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Investing in Research

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History

Dr Frederick Banting

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In 2012, The Banting Research Foundation marked 87 years of financial support to Canadian investigators at the beginning of their independent careers in medical research.

Experiments in 1921 by two young investigators at the University of Toronto, Frederick Banting and Charles Best, led to the discovery of insulin, one of the most important medical achievements of the twentieth century. Few realized that the team succeeded in their research despite the lack of a track record and inadequate funding. At that time, there was no granting organization that supported medical research in Canada and research to produce insulin was considered unlikely to succeed.

This discovery brought worldwide acclaim to Banting and his colleagues, Best and James Collip, and to their adviser John J R Macleod. Banting and Macleod were awarded the Nobel Prize in Physiology or Medicine in 1923. Prior to the discovery of insulin there was no way to treat diabetics. Today, the lives of millions worldwide are saved through the use of this hormone.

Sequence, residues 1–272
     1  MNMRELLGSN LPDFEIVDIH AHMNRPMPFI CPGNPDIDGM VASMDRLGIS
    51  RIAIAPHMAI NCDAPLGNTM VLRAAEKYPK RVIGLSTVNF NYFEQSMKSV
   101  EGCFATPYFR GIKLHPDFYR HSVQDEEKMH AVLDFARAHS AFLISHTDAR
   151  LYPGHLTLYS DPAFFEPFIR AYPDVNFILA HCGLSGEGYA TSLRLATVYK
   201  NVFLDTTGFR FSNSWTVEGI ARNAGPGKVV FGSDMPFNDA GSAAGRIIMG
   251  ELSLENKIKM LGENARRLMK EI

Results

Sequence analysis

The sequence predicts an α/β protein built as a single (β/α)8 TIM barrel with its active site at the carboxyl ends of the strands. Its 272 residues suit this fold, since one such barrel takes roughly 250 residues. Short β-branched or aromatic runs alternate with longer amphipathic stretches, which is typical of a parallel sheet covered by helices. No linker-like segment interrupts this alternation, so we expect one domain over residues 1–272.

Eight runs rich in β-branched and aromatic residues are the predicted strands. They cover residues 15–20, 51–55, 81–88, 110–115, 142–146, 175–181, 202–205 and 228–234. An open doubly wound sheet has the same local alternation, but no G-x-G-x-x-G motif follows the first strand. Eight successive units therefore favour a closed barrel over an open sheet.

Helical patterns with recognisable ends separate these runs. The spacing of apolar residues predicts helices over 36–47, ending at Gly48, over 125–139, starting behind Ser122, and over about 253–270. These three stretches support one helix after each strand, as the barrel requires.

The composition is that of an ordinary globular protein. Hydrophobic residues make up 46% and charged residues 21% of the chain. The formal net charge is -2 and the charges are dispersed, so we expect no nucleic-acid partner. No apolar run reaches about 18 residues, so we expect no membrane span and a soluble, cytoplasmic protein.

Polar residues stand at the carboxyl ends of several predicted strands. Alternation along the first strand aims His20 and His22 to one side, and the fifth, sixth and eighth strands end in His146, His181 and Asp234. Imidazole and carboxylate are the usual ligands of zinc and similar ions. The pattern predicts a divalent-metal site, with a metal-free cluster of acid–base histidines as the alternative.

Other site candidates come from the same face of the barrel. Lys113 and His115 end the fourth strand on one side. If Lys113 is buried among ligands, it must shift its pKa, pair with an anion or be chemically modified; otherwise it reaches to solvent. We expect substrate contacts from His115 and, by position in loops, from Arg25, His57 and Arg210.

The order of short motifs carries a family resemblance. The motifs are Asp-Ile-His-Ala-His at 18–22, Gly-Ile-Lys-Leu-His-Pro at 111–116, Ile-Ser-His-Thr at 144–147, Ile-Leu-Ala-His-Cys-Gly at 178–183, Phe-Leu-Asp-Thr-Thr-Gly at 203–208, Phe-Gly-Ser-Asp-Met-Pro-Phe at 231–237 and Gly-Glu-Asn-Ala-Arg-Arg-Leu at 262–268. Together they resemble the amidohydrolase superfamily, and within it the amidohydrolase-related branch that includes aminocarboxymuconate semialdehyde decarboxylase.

Recognizing the need for an organization that would support the ongoing research of Dr Banting and his associates, a group of prominent citizens led by Sir William Mulock, then Chancellor of the University of Toronto, set up Canada's first foundation for medical research. In 1925, the Province of Ontario granted Letters Patent to The Banting Research Foundation, named in honor of Dr Banting.

Sir Robert Falconer, then President of the University of Toronto, was the first Chairman of the Foundation, and Lieutenant Colonel R W Leonard was the first Honorary Secretary-Treasurer. The first fundraising campaign for the Foundation initiated by this group raised nearly $500,000 from individual and corporate donations in 1925. These funds supported Dr Banting's ongoing research, as well as that of other new investigators who had good ideas but little money. In continuing this tradition, the Foundation awards yearly grants to the Banting and Best Department of Medical Research, and to Canadian investigators at the beginning of their careers in medical research.

In 1948, the Foundation received a bequest from the estate of Miss Kate E Taylor of Toronto. Income from the endowment fund continues to support the research of new Canadian investigators.

Once established in their field, virtually all of our grantees subsequently succeed in securing grants from larger agencies such as the Canadian Institutes of Health Research, the Natural Sciences and Engineering Research Council, and the National Cancer Institute of Canada to continue the research they began with the initial support from The Banting Research Foundation.

The Banting Research Foundation has been instrumental in helping to launch the careers of past and present grantees, whose scientific discoveries fulfill the legacy of Banting's discovery of insulin.